任性合道 Be your natural self and you are in accord with the Way
逍遙絶惱 Calm and easy and untroubled
繋念乖眞 When thoughts are in bondage they stray from the truth
昏沈不好 Becoming clouded and unsound
不好勞神 When thoughts are unsound, the spirit is troubled
Lester Levenson: (1993)
We must, in our everyday lives, be in that state of tranquility, and until we can be in that state while in the details of daily living, we haven’t reached the top. So there are no two categories—the world and spirit; it’s all one and the same. It’s just a matter of the way we look at it. We should strive to get to the place where no one and no thing can perturb us. When you get to that state, you are at the top. You are in the world and nothing and no one can disturb you in the slightest. Develop this. Make this a practice. Make this your way of life. Do not react to people; do not become angry, [envious], hateful and so forth. Remain ever the same, ever the same; no matter what happens, no matter what goes on, you really are ever the same, serene and poised. (“Worldliness and Spirituality”)
The sage lets events be and does not let himself be, and so he has no grasping and rejecting, no disapproving or approving. The ignorant one lets himself be and does not let events be, and so he has grasping and rejecting, disapproving and approving. If you can empty the mind, be unhurried and free and completely let go of the world, then you are one who lets events be and goes with the flow. Letting events be and going with the flow is easy, while opposing, resisting, and changing things is difficult. When events will to come, let them be; do not go against them. If they will to depart, let them go; do not pursue them. Whatever has been done, move on and do not regret it. Events that have not yet arrived, let go of them and do not think about them. This is the person who is walking the path. If you can let events be, then you leave the world to its own devices. Gain and loss do not come from oneself. If you allow events to happen and do not resist, if you relax and do not oppose them, where and when will you not roam in the beyond?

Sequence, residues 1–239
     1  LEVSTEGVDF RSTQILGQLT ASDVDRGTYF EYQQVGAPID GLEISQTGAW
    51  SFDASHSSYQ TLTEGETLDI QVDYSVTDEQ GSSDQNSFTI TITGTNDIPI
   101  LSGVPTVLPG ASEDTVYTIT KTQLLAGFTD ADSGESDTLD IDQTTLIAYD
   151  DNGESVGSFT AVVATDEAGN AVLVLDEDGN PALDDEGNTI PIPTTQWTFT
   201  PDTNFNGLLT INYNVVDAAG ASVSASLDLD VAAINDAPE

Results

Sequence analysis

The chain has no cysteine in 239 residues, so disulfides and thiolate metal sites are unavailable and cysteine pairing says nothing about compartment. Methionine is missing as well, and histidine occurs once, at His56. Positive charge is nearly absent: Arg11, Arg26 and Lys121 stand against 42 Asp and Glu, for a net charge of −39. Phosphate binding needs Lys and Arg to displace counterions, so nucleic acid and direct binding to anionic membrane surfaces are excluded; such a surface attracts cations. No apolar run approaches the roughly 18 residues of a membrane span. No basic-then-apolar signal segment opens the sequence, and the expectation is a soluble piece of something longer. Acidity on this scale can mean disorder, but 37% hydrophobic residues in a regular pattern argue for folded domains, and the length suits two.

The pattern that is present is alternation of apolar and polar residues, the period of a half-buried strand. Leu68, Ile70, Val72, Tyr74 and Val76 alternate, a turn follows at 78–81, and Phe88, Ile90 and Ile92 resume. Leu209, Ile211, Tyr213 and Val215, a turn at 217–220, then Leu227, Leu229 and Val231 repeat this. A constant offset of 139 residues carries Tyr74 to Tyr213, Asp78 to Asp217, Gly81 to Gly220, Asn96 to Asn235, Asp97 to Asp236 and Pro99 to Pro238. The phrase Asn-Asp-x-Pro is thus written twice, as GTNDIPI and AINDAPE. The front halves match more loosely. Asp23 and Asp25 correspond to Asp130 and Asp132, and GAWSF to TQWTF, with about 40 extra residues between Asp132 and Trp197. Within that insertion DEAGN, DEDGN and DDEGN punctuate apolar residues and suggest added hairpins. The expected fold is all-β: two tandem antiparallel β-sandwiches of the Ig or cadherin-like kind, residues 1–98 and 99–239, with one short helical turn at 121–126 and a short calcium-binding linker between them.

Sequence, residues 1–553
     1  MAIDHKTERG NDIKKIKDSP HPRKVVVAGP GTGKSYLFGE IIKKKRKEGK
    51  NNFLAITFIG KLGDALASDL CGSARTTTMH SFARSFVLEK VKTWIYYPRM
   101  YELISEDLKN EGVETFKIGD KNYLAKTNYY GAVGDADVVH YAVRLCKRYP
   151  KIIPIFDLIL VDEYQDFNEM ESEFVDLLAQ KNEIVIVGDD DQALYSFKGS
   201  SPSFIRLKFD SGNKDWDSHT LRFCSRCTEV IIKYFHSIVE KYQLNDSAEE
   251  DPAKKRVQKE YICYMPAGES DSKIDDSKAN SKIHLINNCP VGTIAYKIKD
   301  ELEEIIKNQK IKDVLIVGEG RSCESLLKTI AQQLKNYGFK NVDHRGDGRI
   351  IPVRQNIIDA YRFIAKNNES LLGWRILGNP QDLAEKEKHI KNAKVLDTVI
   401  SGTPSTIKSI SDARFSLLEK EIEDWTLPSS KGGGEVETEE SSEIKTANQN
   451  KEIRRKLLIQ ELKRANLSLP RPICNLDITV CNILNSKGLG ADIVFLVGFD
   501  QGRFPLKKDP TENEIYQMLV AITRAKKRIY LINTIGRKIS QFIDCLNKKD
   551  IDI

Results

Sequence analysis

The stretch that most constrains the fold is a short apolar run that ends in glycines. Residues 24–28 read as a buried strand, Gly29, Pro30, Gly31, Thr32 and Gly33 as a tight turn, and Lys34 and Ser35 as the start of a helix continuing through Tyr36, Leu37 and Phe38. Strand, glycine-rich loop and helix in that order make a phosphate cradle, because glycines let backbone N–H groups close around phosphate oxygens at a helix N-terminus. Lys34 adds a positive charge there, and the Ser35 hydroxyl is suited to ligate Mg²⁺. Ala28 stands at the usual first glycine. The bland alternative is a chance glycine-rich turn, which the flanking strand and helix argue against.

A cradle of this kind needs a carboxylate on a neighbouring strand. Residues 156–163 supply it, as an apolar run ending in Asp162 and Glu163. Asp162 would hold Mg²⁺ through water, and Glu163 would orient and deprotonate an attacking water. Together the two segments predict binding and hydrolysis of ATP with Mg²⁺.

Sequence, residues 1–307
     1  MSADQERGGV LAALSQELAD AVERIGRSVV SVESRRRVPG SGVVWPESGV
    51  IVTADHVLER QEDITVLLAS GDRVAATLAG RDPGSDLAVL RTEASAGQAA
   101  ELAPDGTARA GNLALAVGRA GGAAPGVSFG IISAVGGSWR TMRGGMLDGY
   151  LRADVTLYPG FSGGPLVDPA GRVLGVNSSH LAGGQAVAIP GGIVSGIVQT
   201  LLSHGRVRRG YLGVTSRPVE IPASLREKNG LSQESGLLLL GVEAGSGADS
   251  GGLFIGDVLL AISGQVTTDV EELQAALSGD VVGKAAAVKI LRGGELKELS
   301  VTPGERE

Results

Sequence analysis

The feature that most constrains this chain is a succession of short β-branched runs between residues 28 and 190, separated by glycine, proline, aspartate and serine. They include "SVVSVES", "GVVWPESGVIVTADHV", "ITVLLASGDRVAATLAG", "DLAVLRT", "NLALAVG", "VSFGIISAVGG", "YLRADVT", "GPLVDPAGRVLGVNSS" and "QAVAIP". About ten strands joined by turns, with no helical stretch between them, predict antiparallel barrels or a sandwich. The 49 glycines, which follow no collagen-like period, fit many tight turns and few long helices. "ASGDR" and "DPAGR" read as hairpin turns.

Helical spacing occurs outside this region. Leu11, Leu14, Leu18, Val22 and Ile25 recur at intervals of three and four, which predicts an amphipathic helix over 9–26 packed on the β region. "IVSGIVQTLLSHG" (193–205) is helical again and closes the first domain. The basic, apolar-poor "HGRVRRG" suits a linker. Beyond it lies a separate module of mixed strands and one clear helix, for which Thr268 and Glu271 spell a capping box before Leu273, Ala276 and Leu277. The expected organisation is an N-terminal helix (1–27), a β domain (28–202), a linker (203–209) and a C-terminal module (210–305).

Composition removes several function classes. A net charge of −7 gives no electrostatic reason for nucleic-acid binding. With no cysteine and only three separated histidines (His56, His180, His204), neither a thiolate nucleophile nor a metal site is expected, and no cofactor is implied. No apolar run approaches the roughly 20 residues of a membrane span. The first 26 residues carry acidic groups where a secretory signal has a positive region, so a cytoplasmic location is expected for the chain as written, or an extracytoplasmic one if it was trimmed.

Question: How does one quickly attain the Way?
Answer: Mind being the substance of the Way, one quickly attains the Way. When the practitioner himself realizes that delusion has arisen, then, relying on the Teaching, he gazes at it and causes it to vanish.
If the mind is attached to anything, that is bondage. The sutra says: “It is not through inferior, average or superior dharmas that one attains Nirvana.” Even though the mind has entered delusion, do not push delusion away. Instead, when something arises from the mind, rely on the Dharma to gaze at the place from which it arises. If the mind discriminates, rely on the Dharma to gaze at the place of the discrimination. Whether greed, anger or ignorance arise, rely on the Dharma to gaze at the place from which they arise. To see that there is no place from which these can arise is to cultivate the Way. If there is anything arising from the mind, then investigate it, and relying on the Dharma, clean house! (Bodhidharma’s Method for Quieting the Mind)
THE ORDINARY MIND
The Tao does not require cultivation: just don’t pollute it. What is pollution? As long as you have a fluctuating mind fabricating artificialities and contrivances, all of this is pollution. If you want to understand the Tao directly, the ordinary mind is the Tao. What I mean by the ordinary mind is the mind without artificiality, without subjective judgments, without attachments or aversions.
Right this moment, as you walk, stand, sit, and lie down, responding to all situations and dealing with people—all of is the Tao. The Tao is the realm of reality. No matter how numerous are the uncountable, inconceivable functions, they are not beyond this realm. If they were, how could we speak of the teaching of the Mind-ground, and how could we speak of the inexhaustible lantern? (translated by Thomas Cleary, https://terebess.hu/english/mazu.html)
The Zen Teachings of Mazu translated by Thomas Cleary; Mondo taken from the book Sayings of the Ancient Worthies, translated by D.T. Suzuki. (https://terebess.hu/english/mazu.html#1)
Levenson, Lester (1993). Keys to the Ultimate Freedom: Thoughts and Talks on Personal Transformation. Phoenix, Arizona: Sedona Institute. ISBN 0-915721-03-1 (download)